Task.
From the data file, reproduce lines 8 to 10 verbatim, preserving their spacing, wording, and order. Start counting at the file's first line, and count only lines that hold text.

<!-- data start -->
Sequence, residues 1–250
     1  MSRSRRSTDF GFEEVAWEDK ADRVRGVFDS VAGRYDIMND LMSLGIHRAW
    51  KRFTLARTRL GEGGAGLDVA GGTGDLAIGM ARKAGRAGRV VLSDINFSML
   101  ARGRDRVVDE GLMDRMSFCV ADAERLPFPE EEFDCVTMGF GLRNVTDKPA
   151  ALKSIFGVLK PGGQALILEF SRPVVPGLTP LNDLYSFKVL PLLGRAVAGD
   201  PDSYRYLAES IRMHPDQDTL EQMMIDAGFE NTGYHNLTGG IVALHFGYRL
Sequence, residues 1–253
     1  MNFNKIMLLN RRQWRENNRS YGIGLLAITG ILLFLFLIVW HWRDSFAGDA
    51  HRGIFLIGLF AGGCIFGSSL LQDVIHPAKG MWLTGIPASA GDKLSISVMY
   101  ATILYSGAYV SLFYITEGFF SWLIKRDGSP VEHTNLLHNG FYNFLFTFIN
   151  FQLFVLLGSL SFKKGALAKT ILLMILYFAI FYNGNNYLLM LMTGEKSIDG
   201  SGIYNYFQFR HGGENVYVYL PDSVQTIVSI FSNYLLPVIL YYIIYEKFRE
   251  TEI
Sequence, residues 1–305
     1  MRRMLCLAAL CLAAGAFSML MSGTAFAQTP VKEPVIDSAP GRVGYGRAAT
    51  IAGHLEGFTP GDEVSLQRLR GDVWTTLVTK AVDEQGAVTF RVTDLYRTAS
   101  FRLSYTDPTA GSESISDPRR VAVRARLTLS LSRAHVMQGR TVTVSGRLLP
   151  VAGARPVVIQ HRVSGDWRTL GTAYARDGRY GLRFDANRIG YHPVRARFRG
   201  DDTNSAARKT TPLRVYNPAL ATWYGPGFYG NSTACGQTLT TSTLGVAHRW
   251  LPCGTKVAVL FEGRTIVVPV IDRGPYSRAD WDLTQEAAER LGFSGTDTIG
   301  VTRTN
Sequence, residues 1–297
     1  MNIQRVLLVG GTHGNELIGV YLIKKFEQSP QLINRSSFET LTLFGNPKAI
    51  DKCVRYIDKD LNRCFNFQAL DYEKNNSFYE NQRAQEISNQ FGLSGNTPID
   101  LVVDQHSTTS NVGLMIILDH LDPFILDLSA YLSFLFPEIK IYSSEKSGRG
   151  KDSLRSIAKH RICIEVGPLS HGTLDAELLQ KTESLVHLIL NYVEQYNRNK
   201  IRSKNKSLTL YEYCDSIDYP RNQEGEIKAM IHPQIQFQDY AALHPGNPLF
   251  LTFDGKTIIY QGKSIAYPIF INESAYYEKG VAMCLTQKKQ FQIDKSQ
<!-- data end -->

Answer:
     1  MNFNKIMLLN RRQWRENNRS YGIGLLAITG ILLFLFLIVW HWRDSFAGDA
    51  HRGIFLIGLF AGGCIFGSSL LQDVIHPAKG MWLTGIPASA GDKLSISVMY
   101  ATILYSGAYV SLFYITEGFF SWLIKRDGSP VEHTNLLHNG FYNFLFTFIN